Here is a reminder of something we often forget.
I offer it because I tire of lazy journalists who say and write things like “The job figures released today sent stocks lower...” Or “The recession has slowed the overall growth of the stock market this year.”
And vice-versa: “Good news on consumer spending turned out to be good news for stocks…”
The reminder is that the economy and the stock market are not the same. And the health or malaise of the economy is not necessarily linked to the stock market.
We are conditioned to believe the two are closely linked. Conditioned by the media. Conditioned by conversations with friends: “Hey, in this economy, stocks have GOT to go up.”
And so we are often confused when the economy goes in one direction while stocks go in the opposite.
Stocks, of course, are pieces of big businesses. But I can illustrate my point by using a small business as an example.
Suppose you own a general store. Your business is healthy. You have made good profits the last several years. And now arrives…a lousy local economy. Local companies lay off workers. Some go out of business. Many of your customers are out of work. They spend less with you. Because they have less to spend.
How is your business doing? It is doing better than before. True. That is, your profits are better. How can this be?
Faced with this lousy economy, you made a few smart moves. You renegotiated your lease. Your landlord agreed to a lower rental because he was worried you might close.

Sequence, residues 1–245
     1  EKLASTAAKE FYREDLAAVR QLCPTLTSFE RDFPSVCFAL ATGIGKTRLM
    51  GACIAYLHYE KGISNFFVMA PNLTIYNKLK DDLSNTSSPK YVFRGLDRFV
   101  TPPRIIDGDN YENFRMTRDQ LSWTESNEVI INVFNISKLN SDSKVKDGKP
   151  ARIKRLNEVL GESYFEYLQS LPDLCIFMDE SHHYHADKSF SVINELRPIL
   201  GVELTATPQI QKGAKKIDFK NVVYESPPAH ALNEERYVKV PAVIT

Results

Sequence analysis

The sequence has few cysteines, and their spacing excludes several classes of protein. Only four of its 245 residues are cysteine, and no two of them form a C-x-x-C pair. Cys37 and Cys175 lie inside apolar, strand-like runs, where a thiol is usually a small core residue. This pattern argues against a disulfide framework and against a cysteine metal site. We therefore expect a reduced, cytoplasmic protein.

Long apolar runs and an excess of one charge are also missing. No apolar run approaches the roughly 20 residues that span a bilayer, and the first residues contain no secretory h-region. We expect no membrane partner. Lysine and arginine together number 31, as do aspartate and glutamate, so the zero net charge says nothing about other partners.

Next, you laid off some staff. You stopped paying bonuses. You found some cheaper health insurance. You required workers to pay some of the health insurance premiums. You reduced your contribution to their 401k’s.
You also invested in some energy-saving equipment. This lowered your heating costs. You also cut back on what you spent on advertising.
You put the squeeze on your suppliers to get some better pricing. And to be allowed to pay them in six months for merchandise you receive today. Instead of paying them within two months.
Meanwhile, you culled products that gave you modest profits. You concentrated on products that provided higher rates of profit.
In these and other ways you cut your expenses pretty dramatically. So that even though your sales dropped, your profits actually went up.
Companies across the economy make similar moves during recessions. Some report higher profits from lower sales.
Back to the stock market. Many things affect prices of stocks. One of the biggies is profits. Earnings.
The investors that move the market do not get distracted by the state of the economy. They focus on a number of things that have little to do with the economy. They particularly focus on earnings and earnings trends.
This is why the stock market often goes up when the economy heads south. And it is why professional investors scoff at the lazy journalists who never learn this.
From Tom ... as in Morgan.
For more columns, for Tom’s radio shows and new TV show (and to write to Tom): tomasinmorgan.com.